Things You Didn't Know About Eggs

The incredible edible chicken egg is a marvel of nature
eggs

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Eggs are one of the most widely-used and versatile foods in existence. 

Chicken eggs are one of the most commonly eaten foods on the planet, and also one of the most versatile. They can be friedpoachedhard boileddeviledcoddledshirred, or scrambled, and are  incorporated, both cooked and raw, into thousands of recipes. They’re the glue that holds much of the food we eat together, from brownies to meatloaf, and on top of all that, they’re delicious and nutritious. But we bet that there are some things that you didn’t know about the incredibly versatile egg.

Things You Didn't Know About Eggs (Slideshow)

Egg consumption statistics are mind-boggling. Every year, more than 6.6 billion dozen eggs (more than 79 billion in total) are produced in the United States, and the U.S. Department of Agriculture predicts that each American eats about 255 eggs per year — which is actually down from the 1950s, when annual egg consumption was around 400 per person. There are about 280 million egg-laying chickens in the U.S., and egg farms even have their own advocacy groups, among them the Iowa Egg Council, the Virginia Egg Council, and the New England Brown Egg Council.

Bird eggs have been a valuable food source since prehistoric times, and since then eggs have been an indispensable part of global cuisine, appearing in everything from Middle Eastern shakshuka to Taiwanese oyster omelettes, from Mexican huevos rancheros to Iranian baghali ghatogh, from Italian frittatas to British kedgeree, and from Jewish matzo brei to Japanese okonomiyaki. Their uses really are infinite.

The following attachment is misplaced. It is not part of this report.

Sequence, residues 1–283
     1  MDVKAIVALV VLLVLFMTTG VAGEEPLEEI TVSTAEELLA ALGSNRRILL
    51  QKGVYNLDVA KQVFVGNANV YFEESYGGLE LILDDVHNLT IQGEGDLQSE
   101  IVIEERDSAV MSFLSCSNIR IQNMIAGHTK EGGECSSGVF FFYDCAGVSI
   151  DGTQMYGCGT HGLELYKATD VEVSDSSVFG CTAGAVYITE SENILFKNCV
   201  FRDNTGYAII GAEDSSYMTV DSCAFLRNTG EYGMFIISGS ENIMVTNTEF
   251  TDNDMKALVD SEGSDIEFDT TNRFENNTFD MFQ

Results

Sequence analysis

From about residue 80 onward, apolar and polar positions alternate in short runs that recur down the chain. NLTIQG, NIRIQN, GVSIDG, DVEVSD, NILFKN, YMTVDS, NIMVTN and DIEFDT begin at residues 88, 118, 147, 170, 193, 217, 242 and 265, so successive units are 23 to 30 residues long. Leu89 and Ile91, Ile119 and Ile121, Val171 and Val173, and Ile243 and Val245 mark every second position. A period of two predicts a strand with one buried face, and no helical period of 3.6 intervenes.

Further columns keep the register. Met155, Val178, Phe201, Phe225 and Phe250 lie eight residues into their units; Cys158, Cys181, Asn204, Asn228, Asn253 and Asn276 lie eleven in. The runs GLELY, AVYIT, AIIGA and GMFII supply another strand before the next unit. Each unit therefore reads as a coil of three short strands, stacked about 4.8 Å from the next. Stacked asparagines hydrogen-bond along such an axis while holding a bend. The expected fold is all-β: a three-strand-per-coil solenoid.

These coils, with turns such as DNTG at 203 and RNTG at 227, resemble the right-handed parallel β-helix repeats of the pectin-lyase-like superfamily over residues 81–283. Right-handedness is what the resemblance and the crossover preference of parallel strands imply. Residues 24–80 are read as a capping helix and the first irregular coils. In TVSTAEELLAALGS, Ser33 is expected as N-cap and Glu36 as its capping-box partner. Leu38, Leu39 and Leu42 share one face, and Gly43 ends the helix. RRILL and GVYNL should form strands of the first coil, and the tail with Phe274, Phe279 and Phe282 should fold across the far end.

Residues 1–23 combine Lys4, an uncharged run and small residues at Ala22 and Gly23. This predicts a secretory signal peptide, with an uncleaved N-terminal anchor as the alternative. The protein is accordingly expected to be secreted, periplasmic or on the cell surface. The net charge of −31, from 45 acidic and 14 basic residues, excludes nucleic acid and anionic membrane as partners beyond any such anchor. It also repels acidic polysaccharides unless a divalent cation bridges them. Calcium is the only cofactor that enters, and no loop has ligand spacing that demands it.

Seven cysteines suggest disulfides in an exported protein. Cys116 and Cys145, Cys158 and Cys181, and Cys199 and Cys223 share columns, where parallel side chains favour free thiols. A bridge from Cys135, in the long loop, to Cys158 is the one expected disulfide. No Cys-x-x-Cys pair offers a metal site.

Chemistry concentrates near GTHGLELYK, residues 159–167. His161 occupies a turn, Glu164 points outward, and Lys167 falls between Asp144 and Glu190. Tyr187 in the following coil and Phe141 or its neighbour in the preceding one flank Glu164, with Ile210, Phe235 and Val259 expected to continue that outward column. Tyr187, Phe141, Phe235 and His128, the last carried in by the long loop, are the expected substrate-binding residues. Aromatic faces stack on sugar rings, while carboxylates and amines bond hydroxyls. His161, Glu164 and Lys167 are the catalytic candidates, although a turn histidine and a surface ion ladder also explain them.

Read on to learn a whole bunch of things you most likely didn’t know about chicken eggs, from what the top egg-producing state is to what the name of that little white squiggly thing inside every raw egg is. Eggs are one of those foods that you either love or hate — some people gag at the smell of them, and others eat one for breakfast every day, like Abraham Lincoln did (fun fact) — but you have to admit, eggs are one of the most indispensable foods in existence.

The Most Common Breed of Egg-Laying Chicken is the White Leghorn

leghorn

Photo Modified: Flickr/ Shanthanu Bhardwaj/ CCBY-SA4.0

A must-have at every farm.

The breed was first imported to America in 1828 from the Italian port city of Livorno; leghorn is an anglicization of the city's name. (Fans of the old Loony Tunes and Merrie Melodies cartoons may remember the strutting, stentorian rooster Foghorn J. Leghorn.)

Iowa is America's Top Egg-Producing State

eggs

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That's a lot of eggs.

Nearly 15 billion eggs are produced in Iowa every year, with the egg industry employing about 8,000 workers. Other top egg-producing states include Ohio, Indiana, and Pennsylvania. 

Click here for more egg facts.

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